Cocker spaniels are not all the same when it comes to shedding. Some factors may cause one spaniel to shed considerably more than his or her fellow spaniels:
Spaniels living in cold climates may need a little bit of insulation – as do you!
To shield against the harsh weather, these spaniels may increase the volume of their fur. As this happens, old hair may fall off as the coat regenerates, hence more shedding.
As previously noted, certain seasons are known to be heavy shedding seasons for spaniels. For instance, during spring, spaniels tend to shed more than in the winter.
Also, early summer may be a time when the spaniels shed a bit more than usual.
Cocker spaniels, and all dogs generally, may shed more due to prevailing health issues, especially when these health issues cause an unhealthy skin and coat.
4. Hereditary factors
Some people believe that if a spaniel sheds heavily, then it’s a good chance that their young one will follow suit.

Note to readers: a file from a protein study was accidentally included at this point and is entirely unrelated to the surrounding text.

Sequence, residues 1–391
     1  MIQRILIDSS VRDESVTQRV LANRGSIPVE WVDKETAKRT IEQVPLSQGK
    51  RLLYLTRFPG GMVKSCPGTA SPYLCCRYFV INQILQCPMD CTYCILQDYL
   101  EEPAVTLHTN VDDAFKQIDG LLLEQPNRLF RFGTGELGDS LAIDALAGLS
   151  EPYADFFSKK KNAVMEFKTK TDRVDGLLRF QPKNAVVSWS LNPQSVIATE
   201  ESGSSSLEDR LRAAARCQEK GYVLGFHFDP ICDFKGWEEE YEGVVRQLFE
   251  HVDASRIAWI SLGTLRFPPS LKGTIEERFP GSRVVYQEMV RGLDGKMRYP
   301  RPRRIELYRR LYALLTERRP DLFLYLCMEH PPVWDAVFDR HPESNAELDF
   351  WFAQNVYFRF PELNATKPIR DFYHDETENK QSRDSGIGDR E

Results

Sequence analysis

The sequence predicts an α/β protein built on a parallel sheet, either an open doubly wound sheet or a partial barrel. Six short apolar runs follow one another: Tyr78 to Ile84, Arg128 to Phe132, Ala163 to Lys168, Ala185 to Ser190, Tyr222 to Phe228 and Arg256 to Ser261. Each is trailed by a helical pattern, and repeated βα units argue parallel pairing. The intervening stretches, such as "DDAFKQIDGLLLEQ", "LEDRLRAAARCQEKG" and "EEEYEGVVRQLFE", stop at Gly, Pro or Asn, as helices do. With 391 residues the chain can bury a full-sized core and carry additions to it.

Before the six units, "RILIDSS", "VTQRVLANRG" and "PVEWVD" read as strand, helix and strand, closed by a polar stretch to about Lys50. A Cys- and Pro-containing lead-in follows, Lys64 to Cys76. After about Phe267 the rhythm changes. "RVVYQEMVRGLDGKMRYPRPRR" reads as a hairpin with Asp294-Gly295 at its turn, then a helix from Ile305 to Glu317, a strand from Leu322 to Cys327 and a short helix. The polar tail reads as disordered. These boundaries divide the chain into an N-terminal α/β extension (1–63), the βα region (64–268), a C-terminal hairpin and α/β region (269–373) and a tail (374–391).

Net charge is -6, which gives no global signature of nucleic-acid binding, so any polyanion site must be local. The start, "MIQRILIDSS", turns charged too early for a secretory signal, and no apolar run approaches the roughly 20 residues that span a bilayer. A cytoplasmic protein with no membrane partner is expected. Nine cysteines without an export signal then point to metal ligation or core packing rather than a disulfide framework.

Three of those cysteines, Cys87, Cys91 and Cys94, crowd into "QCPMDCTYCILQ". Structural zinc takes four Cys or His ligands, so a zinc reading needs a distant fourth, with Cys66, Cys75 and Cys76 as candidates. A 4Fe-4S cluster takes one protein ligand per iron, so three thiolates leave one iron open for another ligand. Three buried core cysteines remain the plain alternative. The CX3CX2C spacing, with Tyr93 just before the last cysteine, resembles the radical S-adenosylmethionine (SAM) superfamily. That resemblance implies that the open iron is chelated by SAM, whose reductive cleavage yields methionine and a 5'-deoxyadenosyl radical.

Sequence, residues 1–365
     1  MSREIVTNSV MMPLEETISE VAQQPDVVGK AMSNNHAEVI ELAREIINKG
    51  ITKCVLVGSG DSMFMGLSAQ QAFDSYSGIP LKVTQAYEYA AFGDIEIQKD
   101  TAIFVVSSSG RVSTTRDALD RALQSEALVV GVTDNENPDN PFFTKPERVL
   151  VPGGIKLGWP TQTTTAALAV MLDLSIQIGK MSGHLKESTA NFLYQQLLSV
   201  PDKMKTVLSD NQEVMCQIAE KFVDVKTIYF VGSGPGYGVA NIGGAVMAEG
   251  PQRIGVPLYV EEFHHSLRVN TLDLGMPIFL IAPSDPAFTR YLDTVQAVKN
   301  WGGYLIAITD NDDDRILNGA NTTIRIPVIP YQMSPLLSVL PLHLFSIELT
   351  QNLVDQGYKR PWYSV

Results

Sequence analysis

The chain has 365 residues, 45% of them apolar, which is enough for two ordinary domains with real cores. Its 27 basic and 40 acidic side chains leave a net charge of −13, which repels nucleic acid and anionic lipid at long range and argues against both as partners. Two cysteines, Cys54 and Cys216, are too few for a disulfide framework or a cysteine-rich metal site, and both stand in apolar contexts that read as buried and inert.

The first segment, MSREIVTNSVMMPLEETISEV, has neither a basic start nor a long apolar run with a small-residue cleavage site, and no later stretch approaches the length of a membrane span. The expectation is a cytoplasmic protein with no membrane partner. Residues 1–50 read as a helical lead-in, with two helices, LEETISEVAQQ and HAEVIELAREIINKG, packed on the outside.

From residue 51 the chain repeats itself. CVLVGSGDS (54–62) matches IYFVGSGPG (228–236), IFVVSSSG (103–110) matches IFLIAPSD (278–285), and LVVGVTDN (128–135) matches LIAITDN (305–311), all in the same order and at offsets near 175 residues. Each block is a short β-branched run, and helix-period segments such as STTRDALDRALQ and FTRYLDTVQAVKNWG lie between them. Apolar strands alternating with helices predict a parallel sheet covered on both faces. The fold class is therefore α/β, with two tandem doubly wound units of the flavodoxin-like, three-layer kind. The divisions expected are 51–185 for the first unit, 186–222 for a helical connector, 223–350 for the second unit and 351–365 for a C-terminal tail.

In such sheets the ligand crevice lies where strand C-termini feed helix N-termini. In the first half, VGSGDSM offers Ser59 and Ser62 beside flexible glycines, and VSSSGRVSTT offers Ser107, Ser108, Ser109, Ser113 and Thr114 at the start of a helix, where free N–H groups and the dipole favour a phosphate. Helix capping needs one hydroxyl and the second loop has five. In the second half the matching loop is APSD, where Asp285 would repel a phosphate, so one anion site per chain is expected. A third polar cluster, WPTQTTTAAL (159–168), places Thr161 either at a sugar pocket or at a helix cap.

This is an assumption that is yet to be scientifically proven, but I think it’s worth looking into if shedding is your deal-breaker when selecting a furry companion.
5. Allergic reactions
Excessive shedding may be a sign that your spaniel does not take well to certain foods, medications, cleaning chemicals, or grooming items.
If you notice heavy shedding that is new for your spaniel, it may be wise to consult your vet, find that nasty allergen, and get it out of your spaniel’s way.
Sometimes, shedding may be a sign that the spaniel is experiencing stressful situations, such as making a change in living arrangements, visiting new places, or anything else that may seem foreign to him or her.
If you’re concerned about this reaction and want to provide the best care for your spaniel, then it is worth consulting a certified veterinary behaviorist who can advise on the best way to help your spaniel cope.
All this to say that cocker spaniels are all different. Each one is an individual and there are environmental and physiological factors that may be leading to the shedding.